Voices: The House GOP civil war that delivered Trump is over. The radicals won

Rep Matt Gaetz  (Getty Images)
Rep Matt Gaetz (Getty Images)

After Republicans unanimously elected Rep Mike Johnson (R-LA) to become speaker of the House, Rep Marjorie Taylor Greene (R-GA), the conspiracy-mongering congresswoman, had every reason to flash a smile off the floor. She had remade the Republican leadership in her image.

Ms Greene’s role in the coup that led to Mr Johnson – an ardent opponent of abortion who introduced a national version of Florida’s “Don’t Say Gay” legislation – should not surprise anyone. She is a key figure in the rise of right-wing extremism that pervades the Republican body politic.

What was indeed more surprising was how much the rest of the GOP went along with her to assist Mr Johnson’s ascent. Mr Johnson is a zealot of the highest order, someone who worked for the hard-right Alliance Defending Freedom; an ardent opponent of abortion who wants to restrict the rights of LGBT+ people and who served as Donald Trump’s Howitzer in Congress to overturn the 2020 election results.

But his fervor for theocratic policies did not impede his ability to unite nearly every faction of the very divided House Republican conference. Indeed, many of the Republicans who had previously raised serious objections to creeping fanaticism in the party brushed off these concerns as technicalities.

Mr Johnson’s triumph signifies the wholesale victory of the hardliners within the conference who had engaged in a bitter 15-year-civil war with the House Republican establishment.

Some Democrats like to pin the slide to the right solely on Mr Trump, which makes sense, given the former president’s unique unpopularity.

“Donald Trump has cemented his control over the Republican conference in the House of Representatives,’ Jamie Raskin (D-MD), who jousted with Mr Johnson and the GOP’s attempts to overturn the election in 2021, told me.

Mr Raskin, who was first elected in 2016, is a respected constitutional scholar with a mastery of the law. But he has this dynamic backwards. It was the 15-year feud between the establishment and the radical right, fueled by the anger of the Tea Party, that laid the groundwork for the trail that Mr Trump would later blaze.

Indeed, Mr Trump would begin floating a run for president in 2011, after the 2010 Republican wave, largely on the back of the conspiracy theory that Barack Obama was not born in the United States, which had first been floated in the Tea Party fervor after Mr Obama’s election.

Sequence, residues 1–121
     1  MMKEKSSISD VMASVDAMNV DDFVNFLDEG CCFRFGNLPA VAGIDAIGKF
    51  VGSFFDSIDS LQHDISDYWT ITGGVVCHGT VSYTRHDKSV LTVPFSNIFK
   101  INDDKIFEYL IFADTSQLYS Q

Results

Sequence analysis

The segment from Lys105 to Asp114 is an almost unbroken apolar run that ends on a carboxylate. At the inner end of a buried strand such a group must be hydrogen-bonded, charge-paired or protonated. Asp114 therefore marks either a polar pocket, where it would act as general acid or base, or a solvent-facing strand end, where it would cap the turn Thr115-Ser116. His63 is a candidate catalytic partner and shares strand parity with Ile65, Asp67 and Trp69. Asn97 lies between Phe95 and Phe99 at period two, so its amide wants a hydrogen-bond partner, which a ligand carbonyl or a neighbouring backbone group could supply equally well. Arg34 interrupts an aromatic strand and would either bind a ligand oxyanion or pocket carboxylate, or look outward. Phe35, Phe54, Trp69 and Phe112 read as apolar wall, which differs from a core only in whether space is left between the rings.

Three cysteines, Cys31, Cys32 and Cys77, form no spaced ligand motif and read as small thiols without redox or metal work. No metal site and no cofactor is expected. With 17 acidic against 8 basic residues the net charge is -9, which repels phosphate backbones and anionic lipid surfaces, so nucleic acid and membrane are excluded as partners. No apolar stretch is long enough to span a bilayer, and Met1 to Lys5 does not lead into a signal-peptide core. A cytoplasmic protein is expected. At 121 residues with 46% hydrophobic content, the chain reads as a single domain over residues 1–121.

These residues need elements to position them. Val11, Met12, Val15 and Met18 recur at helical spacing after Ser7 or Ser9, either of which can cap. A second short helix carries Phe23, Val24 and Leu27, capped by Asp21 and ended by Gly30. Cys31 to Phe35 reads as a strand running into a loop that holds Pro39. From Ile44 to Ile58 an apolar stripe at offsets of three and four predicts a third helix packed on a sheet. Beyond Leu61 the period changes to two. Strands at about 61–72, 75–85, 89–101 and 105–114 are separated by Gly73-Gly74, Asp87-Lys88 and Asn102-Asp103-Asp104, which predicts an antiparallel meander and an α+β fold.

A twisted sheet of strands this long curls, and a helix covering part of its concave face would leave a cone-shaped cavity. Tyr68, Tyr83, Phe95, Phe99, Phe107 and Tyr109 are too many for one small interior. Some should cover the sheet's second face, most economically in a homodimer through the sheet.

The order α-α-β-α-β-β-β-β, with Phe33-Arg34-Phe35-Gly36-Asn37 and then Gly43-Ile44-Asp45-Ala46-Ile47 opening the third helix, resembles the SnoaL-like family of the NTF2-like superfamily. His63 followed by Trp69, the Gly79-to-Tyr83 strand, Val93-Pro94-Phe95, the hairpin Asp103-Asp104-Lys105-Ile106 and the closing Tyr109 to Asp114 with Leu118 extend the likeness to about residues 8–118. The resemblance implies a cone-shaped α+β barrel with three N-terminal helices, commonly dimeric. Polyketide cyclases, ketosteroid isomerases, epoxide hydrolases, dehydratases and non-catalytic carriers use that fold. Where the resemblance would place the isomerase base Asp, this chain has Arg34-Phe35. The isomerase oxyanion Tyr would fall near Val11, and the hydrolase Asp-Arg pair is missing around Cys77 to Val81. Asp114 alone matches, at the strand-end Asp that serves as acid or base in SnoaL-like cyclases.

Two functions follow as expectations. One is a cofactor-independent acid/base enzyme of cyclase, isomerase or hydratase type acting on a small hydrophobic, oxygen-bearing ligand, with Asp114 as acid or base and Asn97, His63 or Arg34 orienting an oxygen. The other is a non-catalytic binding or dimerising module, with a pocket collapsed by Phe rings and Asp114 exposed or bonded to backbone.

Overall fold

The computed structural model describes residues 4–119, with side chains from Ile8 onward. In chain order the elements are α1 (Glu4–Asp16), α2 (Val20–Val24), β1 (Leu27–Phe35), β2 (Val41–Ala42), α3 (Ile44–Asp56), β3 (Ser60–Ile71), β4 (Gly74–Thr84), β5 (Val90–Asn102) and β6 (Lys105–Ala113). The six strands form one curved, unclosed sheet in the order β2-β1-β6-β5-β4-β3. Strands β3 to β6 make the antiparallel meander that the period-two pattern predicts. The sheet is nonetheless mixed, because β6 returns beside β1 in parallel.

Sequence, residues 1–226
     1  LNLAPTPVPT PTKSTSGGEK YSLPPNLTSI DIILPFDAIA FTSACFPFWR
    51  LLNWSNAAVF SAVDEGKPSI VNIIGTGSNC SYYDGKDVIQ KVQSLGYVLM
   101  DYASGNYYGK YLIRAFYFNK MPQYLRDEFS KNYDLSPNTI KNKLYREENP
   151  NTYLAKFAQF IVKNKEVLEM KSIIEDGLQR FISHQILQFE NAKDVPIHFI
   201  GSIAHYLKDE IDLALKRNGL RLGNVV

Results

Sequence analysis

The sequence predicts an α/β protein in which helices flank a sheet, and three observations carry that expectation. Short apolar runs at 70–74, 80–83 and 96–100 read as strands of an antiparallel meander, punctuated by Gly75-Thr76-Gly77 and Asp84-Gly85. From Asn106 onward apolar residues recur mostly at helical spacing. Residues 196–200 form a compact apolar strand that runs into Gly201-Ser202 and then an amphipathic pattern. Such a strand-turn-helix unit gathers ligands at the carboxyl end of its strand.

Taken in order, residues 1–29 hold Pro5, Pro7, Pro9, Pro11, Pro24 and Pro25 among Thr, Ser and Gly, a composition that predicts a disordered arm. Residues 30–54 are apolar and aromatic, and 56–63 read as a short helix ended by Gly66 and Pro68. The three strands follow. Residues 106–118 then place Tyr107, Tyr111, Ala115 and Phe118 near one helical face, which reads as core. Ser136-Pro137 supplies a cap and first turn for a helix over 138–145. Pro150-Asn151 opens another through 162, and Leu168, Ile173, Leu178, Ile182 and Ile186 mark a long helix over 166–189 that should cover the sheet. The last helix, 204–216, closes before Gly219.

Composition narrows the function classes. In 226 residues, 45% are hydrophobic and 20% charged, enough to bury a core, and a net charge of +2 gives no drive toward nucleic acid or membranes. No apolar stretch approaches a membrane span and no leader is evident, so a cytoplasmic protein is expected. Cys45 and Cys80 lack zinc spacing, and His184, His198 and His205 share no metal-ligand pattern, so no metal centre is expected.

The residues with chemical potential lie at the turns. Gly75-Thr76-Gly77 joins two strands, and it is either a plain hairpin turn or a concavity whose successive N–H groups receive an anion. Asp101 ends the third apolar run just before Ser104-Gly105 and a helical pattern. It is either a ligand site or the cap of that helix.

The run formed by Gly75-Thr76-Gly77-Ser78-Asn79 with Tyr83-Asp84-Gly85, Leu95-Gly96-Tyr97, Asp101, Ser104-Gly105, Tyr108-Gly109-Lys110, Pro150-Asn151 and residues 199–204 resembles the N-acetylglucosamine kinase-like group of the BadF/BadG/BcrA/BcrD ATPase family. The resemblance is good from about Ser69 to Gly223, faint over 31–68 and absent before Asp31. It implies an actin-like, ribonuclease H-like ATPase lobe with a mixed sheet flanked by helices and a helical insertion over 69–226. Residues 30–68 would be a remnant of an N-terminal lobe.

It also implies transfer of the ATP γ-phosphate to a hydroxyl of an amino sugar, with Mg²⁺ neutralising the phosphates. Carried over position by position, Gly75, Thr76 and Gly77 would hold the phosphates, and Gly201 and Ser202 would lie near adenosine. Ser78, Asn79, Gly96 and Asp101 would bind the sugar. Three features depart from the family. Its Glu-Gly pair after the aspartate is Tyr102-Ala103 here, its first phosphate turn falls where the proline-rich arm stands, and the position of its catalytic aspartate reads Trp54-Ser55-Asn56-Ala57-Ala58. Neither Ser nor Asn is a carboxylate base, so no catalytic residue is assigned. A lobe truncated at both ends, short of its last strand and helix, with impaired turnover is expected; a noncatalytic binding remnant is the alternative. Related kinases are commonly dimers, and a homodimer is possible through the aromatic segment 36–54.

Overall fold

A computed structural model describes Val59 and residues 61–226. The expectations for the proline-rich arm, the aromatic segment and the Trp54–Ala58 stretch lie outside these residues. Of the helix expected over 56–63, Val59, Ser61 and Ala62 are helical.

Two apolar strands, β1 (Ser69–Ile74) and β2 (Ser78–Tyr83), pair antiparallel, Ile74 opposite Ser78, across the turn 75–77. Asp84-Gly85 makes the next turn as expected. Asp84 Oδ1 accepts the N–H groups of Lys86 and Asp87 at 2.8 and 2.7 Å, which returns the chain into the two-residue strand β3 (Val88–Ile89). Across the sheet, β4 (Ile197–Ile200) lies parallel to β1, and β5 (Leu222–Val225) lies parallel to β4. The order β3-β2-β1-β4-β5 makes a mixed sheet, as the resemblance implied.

The Tea Party Caucus and eventually the House Freedom Caucus has made a name for itself in the past decade, perhaps most famously when they forced a government shutdown in 2013, beat House Majority Leader Eric Cantor in a primary in 2014 and forced John Boehner to leave the speakership in 2015.

But the hardliners, largely led by Rep Jim Jordan (R-OH), didn’t achieve the structural changes they sought. Mr Boehner was quickly replaced by Paul Ryan, another creature of the establishment, and then Mr McCarthy after him. Mr Trump’s election benefited many of them personally – they either joined his administration or moved up the ranks in the House – but he busted the budget, failed to repeal Obamacare and didn’t build the wall with Mexico or pass legislation to restrict immigration. And their hope for procedural changes on the Hill never came.

It took a new breed of right-wingers – a style that was more media-savvy and willing to violate norms – to actually get the radical demands.

And havoc they did wreak. After years of the hardliners threatening to vacate, the radicals, led by Matt Gaetz (R-FL), pulled the trigger and vacated Mr McCarthy, laid waste to Mr Scalise and humiliated Mr Emmer. They had a hiccup in their attempt to nominate Mr Jordan but now seem to have overcome it.

Moreover, they did so with the help of the old school establishment. Rep Elise Stefanik, an Ivy-League educated alumnus of George W Bush’s administration who worked for Mr Ryan, gladly nominated Mr Jordan and Mr Johnson on the House floor. Rep Dan Newhouse, one of only two of the 10 Republicans left in the House who voted to impeach Mr Trump and who had voted to certify the election, led the pledge of allegiance on Tuesday before votes and supported for Mr Johnson, despite the fact Mr Newhouse voted to certify the election results.

Mr Johnson leading Republicans in an amicus brief for a lawsuit to overturn the 2020 election results in Michigan, Georgia, Pennsylvania and Wisconsin also didn’t seem to bother Rep Ken Buck (R-CO), who had previously confronted Mr Jordan and Mr Scalise about their parroting of the lie that the election was stolen and he voted for Mr Johnson.

Earlier this year, I sat down with Rep Nancy Mace (R-SC), one of the eight Republicans who voted to oust Mr McCarthy, and she warned “We're not going to win hearts and minds over by being a**holes to women.” On Wednesday, she voted for Mr Johnson, who has said “we will get the number of abortions to ZERO!!”

The radicals seem to know they have power and will use it in the future. Rep Bob Good of Virginia told me that Mr Johnson’s election had vindicated them.

“Absolutely,” he said. “This is the kind of person we wanted as a speaker. And Mike Johnson is someone that many members of Congress have talked about for a year that could be the kind of person that could become speaker.”

And they plan to hold him accountable. After the vote, I caught Rep Eli Crane of Arizona and asked him if they planned to make sure Mr Johnson lived up to their promises, which he responded affirmatively. It’s now the radicals’ GOP and they are always watching.